A very spacious, comfortable cabin allows passengers to walk around during flight. Large panoramic windows and glass bottom floor allows the passengers a perfect view of the sights below.

It is also the world's only amphibious airship - capable of landing and taking off from water.

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Does Landmark Unmanned Flight Spell Doom for Test Pilots?

Does Landmark Unmanned Flight Spell Doom for Test Pilots?

U.S. Navy Comdr. Bill Reuter, chief test pilot of Air Test and Evaluation Squadron 23, releases a load of inert bombs while in a supersonic dive in an F/A-18E Super Hornet during a test flight at Maryland's Patuxent River Naval Air Station.

Last month an experimental aircraft called the X-43A hit a velocity of 5,000 miles (8,045 kilometers) an hour - more than seven times the speed of sound. It was the first time an oxygen-powered "scramjet" flew freely. But one thing was missing during the aeronautical milestone: the pilot.

The X-43A's pilotless flight signaled a growing trend in modern aviation: unmanned aerial vehicles (UAVs). Economics, pilot error, and concern for human safety are all motivations to replace human test pilots with computers.

Dana Purifoy is a top NASA test pilot for the agency's Dryden Flight Research Center at Edwards Air Force Base in California. Purifoy flew the B-52B launch aircraft that carried the X-43A and its Pegasus booster rocket to a launch destination over the Pacific Ocean.

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Morphing Plane Wings for Efficient Flights

Roland Piquepaille

Airplanes, whether manned or unmanned, need to travel at various speeds. For example, a surveillance plane needs to fly fast to reach its destination point. Then, it needs to reduce its speed to achieve its surveillance mission. But with its fixed wings, it doesn't offer the same level of efficiency during these two phases. That's why Penn State engineers have devised airplane wings that change shape like a bird and have scales like a fish. Right now, the team has only built a tabletop model. So it will be a long time before you catch a plane and watch the wings disappear by looking through the window.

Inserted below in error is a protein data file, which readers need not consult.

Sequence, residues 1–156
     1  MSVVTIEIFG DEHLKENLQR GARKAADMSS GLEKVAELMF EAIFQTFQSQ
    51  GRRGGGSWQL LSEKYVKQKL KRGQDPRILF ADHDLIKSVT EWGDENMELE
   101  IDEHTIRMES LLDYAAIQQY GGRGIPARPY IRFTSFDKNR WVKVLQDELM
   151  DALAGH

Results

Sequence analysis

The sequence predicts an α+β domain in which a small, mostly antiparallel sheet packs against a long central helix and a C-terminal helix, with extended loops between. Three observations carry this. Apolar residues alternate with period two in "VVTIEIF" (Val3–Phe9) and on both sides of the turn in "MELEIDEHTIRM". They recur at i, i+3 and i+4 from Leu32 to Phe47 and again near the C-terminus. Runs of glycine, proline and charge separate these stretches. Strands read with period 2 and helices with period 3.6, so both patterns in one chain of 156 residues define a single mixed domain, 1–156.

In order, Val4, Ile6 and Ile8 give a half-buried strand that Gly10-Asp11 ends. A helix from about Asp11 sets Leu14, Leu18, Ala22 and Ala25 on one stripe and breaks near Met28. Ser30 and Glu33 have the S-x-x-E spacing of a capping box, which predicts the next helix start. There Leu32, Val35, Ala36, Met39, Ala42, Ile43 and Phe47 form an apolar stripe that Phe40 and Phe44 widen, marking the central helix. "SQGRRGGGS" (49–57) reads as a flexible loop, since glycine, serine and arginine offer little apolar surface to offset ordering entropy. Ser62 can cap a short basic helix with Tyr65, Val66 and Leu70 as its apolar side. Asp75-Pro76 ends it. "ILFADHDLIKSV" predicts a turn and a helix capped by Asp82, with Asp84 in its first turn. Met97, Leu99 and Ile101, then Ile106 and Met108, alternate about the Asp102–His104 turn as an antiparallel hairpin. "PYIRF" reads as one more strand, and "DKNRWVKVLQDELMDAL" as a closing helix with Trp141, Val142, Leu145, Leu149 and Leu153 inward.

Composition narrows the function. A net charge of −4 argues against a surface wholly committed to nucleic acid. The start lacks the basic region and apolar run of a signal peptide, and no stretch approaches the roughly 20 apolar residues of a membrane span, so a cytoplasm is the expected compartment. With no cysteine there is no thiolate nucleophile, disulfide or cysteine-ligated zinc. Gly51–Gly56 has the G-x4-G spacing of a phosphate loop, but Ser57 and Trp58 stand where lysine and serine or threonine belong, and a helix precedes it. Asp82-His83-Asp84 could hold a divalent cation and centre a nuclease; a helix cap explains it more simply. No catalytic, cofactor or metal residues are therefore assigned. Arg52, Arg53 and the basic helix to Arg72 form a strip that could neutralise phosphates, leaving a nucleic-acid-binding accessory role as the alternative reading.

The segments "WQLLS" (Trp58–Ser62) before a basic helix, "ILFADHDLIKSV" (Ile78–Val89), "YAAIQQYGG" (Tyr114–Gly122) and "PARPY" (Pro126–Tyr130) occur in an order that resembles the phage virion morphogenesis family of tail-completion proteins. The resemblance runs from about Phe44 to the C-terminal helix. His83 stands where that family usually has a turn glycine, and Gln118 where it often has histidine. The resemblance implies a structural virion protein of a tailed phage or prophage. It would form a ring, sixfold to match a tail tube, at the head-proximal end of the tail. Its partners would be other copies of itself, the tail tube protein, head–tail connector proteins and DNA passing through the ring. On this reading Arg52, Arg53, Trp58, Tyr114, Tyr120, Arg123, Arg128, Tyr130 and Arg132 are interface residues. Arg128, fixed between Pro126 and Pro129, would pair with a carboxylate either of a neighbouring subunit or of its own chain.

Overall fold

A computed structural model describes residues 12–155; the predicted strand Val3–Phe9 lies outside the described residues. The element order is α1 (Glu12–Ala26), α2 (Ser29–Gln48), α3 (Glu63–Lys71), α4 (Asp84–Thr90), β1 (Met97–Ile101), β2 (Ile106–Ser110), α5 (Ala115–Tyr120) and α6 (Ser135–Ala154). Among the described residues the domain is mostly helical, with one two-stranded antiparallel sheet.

Dr. George Lesieutre, professor of aerospace engineering who leads the project, says, "Airplanes today are a design compromise. They have a fixed-wing structure that is not ideal for every part of a typical flight. Being able to change the shape of the wings to reduce drag and power, which vary with flight speed, could optimize fuel consumption so that commercial planes could fly more efficiently."

Morphing wings can also be useful for military defense and homeland security when applied to unmanned surveillance planes that need to fly quickly to a distant point, loiter at slow speed for a period of time and then return, Lesieutre explains. Flying efficiently at high speed requires small, perhaps, swept wings. Flying at slow speed for long periods requires long narrow wings. The morphing wings designed by the Penn State team can change both wing area and cross section shape to accommodate both slow and fast flight requirements.

So how did these engineers design these morphing wings?

The essential features of the Penn State concept are a small-scale, efficient compliant cellular truss structure, highly distributed tendon actuation and a segmented skin. The cellular truss structure is the skeleton of the wing.

Since the underlying structure can undergo radical shape change, the overlaying skin of the wing must be able to change with it. Lesieutre says a concept that he thinks holds great promise is a segmented skin composed of overlapping plates, like the scales of a fish.

New Scientist

Some of the morphing work has been inspired by the study of birds, bringing the story full circle back to 1903. The all-important control demonstrated by the Wright brothers' Flyer came not just from the first wind tunnel-tested aerofoils and rudder, but also from wing warping - a technology inspired by the Wrights' observations of the way turkey vultures soared over the Miami river, near their Ohio home.
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Shushing Sonic Booms: Changing the Shape of Supersonic Planes

Traveling by airplane is fast, but traveling by supersonic jet is faster. The trouble is that pesky sonic boom caused by breaking the sound barrier, rattling windows and -- if you're a military pilot -- alerting potential enemies of your presence during low flights.

But a joint program between NASA, the military and the aerospace industry is working to take the 'boom' out of sonic booms by changing the shape of supersonic aircraft. The program may lead not only to better military jets, but also to another age of commercial air travel at faster than the speed of sound.

Under the Shaped Sonic Boom Demonstration program sponsored by Defense Advanced Research Projects Agency (DARPA), NASA and Northrop Grumman, researchers tacked on custom nose-glove on the front of Navy F-5E jet as well as an aluminum substructure.

The thunderous booms heard by humans when a vehicle flies overhead at speeds faster than the speed of sound -- about 758 miles (1,220 kilometers) an hour at sea level. The culprit is a change in air pressure -- about the same experienced by humans climbing a few floors of stairs, but much faster -- which makes the sounds audible.

The added volume on the modified F-5E, however, allowed researchers to better distribute the air pressure build-up in front of a supersonic plane, which shapes how the pressure is later released in a sonic boom shockwave as the aircraft breaks the sound barrier. Modifying that pressure release meant softer sonic booms.